Location: Great Basin Rangelands ResearchTitle: Plant-Soil Relationships of Bromus tectorum L.: Interactions among Labile Carbon Additions, Soil Invasion Status, and Fertilizer.) Author
|Blank, Robert - Bob|
Submitted to: Applied and Environmental Soil Science
Publication Type: Peer Reviewed Journal
Publication Acceptance Date: 9/15/2009
Publication Date: 10/1/2009
Publication URL: parking.nal.usda.gov/shortterm/21163_Sucrose_paper.pdf
Citation: Blank, R.R., Young, J.A. 2009. Plant-Soil Relationships of Bromus tectorum L.: Interactions among Labile Carbon Additions, Soil Invasion Status, and Fertilizer. Applied and Environmental Soil Science. Volume 2009:1-7. Article ID 929120. Interpretive Summary: We quantified how the growth of the invasive grass, cheatgrass, was affected by soil type and its interaction with sucrose application, which immobilizes soil nitrogen. Soil previously noninvaded by cheatgrass had an inhibitory factor that was absent in soil invasive by cheatgrass for several years. The inhibitory factor could be reduced after several growth cycles and more quickly when sucrose was applied. Sucrose application reduces the growth of cheatgrass, but immobilization of soil nitrogen is but one factor and we suspect that pathogenic microorganisms are encouraged by sucrose. Greater understanding of the inhibitory nature of noninvaded soil may lead to new control strategies for cheatgrass.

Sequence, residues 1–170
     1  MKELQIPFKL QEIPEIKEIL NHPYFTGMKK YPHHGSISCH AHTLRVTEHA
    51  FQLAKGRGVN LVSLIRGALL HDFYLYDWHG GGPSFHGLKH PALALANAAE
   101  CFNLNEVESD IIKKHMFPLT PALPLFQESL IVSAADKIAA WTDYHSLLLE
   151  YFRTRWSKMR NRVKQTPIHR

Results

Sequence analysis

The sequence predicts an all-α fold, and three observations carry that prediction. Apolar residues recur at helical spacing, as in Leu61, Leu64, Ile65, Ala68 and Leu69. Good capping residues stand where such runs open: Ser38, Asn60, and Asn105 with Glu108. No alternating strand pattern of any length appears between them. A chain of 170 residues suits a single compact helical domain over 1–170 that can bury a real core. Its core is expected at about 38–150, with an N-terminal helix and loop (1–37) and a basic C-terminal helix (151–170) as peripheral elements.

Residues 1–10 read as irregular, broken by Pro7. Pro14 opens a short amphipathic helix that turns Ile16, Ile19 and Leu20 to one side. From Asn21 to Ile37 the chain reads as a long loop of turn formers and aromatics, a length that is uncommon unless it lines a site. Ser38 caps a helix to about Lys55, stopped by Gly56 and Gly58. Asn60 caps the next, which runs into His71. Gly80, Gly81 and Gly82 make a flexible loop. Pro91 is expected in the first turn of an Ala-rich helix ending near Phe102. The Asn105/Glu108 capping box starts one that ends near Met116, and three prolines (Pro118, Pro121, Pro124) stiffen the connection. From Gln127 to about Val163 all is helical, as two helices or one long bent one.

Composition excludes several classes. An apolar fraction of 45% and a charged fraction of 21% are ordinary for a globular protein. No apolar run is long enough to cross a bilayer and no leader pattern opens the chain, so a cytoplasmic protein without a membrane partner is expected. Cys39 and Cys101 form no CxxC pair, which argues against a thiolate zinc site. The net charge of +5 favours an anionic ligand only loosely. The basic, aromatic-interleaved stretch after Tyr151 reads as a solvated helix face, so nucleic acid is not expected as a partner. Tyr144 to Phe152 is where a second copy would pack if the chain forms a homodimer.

Technical Abstract: Invasion of western North America by the annual exotic grass Bromus tectorum L. (cheatgrass) has been an ecological disaster. High soil bioavailability of nitrogen is a contributing factor in the invasive potential of B. tectorum. Application of labile carbon sources to the soil can immobilize soil nitrogen and favor native species. We studied the interaction of labile carbon addition (sucrose), with soil invasion status and fertilizer addition on the growth of B. tectorum. Soils were noninvaded (BNI) and B. tectorum invaded (BI). Treatments were control, sucrose, combined fertilizer, and sucrose + fertilizer. The greenhouse experiment continued for 3 growth-cycles. After the 1st growth-cycle, sucrose addition reduced B. tectorum aboveground mass almost 70 times for the BI soil but did not significantly reduce growth in the BNI soil. B. tectorum aboveground mass, after the 1st growth-cycle, was over 27 times greater for BI control soils than BNI control soils. Although sucrose addition reduced soil-solution NO3--N, tissue N was not significantly lowered, suggesting that reduction of soil available N may not be solely responsible for reduction in B. tectorum growth. Noninvaded soil inhibits growth of B. tectorum. Understanding this mechanism may lead to viable control strategies.